Bowery to Broadway: The American Irish in Classic Hollywood Cinema.
University of Scranton Press, Scranton & London, 2010
(Review copy supplied by Scranton University Press)
Priests promoting a down-to-earth muscular Christianity; good-natured boozing fathers; saintly mothers working finger to the bone; pixilated soothsayer types: these were some of the ill-considered images of the Irish in American film that I’d carelessly let lie fallow in my mind over the decades. No longer. While there has never been an identifiable ongoing presence of, say, Scottishness or even Englishness in Hollywood cinema, those with long memories (a nice way of saying ‘old people’) will surely recall, nostalgically or not, the phenomenon of the Irish and American-Irish making themselves felt in a range of Hollywood films. In fact, Bowery to Broadway is the second book in recent years to address this matter, the other being Ruth Barton’s Acting Irish in Hollywood: from Fitzgerald to Farrell (2006).
Whereas the latter investigated the Irish presence through tracing the careers of nine stars who had succeeded in Hollywood, Christopher Shannon’s approach has been to examine a series of films, key representatives of their genres, and to focus on the ways in which Irishness surfaces in these films. He is also concerned to ‘place’ these characteristic surfacings in relation to the wider sense of Irish-American cultural and political life, and its place, in turn, in the shifting panorama of American life at large in the first half of the twentieth century.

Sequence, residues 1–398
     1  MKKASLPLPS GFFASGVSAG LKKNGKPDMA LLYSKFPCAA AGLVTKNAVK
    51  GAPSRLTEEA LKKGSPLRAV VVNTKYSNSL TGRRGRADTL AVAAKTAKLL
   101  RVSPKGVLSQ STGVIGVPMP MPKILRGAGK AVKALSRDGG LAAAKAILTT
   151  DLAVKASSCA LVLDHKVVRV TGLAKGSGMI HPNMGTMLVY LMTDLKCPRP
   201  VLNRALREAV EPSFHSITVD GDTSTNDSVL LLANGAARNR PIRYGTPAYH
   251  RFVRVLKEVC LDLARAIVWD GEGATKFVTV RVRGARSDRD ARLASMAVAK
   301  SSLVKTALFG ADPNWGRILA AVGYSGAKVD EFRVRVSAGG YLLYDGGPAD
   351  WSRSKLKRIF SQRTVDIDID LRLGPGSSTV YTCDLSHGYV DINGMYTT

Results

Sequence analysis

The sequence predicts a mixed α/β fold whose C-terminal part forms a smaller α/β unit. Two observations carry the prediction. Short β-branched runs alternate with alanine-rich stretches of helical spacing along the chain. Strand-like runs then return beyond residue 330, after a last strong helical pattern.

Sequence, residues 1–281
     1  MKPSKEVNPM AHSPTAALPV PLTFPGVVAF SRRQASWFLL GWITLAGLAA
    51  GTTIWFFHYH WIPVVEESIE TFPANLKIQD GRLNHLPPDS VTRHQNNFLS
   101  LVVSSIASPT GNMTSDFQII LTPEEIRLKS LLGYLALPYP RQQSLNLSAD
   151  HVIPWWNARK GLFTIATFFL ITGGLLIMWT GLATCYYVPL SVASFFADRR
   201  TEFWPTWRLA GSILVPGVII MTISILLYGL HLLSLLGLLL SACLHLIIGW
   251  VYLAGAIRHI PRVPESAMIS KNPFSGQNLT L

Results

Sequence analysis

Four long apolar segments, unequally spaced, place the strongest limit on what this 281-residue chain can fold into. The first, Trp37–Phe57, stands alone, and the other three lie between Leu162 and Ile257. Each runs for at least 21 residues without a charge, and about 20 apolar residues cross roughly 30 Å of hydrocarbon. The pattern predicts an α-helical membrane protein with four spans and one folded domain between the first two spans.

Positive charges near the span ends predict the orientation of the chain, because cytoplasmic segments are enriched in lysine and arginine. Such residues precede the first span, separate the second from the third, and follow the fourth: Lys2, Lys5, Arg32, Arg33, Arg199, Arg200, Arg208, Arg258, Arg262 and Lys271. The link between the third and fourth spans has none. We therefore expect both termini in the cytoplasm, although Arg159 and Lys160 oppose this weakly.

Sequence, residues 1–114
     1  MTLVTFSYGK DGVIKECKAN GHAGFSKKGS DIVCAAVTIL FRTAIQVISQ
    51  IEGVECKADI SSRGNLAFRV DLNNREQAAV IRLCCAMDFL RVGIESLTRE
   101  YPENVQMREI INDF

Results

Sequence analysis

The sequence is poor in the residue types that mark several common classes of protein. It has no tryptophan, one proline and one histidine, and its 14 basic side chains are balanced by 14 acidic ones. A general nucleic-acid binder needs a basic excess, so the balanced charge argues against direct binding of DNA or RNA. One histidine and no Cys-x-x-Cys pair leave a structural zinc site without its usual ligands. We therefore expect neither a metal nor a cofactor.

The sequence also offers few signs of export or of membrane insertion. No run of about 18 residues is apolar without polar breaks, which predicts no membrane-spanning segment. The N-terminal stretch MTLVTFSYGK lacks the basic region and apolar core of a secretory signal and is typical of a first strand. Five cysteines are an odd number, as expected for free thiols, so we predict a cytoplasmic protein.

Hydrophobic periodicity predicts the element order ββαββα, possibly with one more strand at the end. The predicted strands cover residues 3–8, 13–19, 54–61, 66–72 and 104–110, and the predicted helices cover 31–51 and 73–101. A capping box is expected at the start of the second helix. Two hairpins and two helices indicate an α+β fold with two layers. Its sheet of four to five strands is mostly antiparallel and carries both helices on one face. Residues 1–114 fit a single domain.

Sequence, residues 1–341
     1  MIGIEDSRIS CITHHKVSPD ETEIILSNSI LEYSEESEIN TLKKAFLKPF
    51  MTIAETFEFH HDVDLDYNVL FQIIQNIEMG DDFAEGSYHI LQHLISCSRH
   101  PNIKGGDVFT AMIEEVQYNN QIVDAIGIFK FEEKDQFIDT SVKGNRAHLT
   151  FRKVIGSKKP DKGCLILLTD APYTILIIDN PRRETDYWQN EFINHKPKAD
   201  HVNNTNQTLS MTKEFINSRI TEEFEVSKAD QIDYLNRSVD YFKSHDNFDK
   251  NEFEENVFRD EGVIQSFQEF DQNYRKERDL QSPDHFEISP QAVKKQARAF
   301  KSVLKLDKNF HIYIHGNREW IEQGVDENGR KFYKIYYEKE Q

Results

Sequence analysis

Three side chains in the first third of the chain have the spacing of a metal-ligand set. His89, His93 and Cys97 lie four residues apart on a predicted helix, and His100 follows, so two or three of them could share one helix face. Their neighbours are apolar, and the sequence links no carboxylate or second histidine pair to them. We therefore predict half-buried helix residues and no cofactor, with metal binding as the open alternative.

It’s of course actors above all that stick in the mind as one summons up American movie images of Irishness. These films kept actors like Pat O’Brien, usually as a priest or some other respectable purveyor of ould-sod values, and Frank McHugh, bluff and rugged cops and others, in steady work for several decades. And there were stars too: big names like Bing Crosby, James Cagney and Spencer Tracy, from Irish-American backgrounds, and native Irish like Barry Fitzgerald, who was programmed to excite indulgent, undiscriminating laughter as soon as he spoke, and Maureen O’Hara, for whom Technicolor and the awful word ‘feisty’ were practically invented. I have to add a severe personal note here: neither Shannon nor Barton mentions that great beauty and remarkable actress Geraldine Fitzgerald. Faith, now, this is not good enough, to be sure.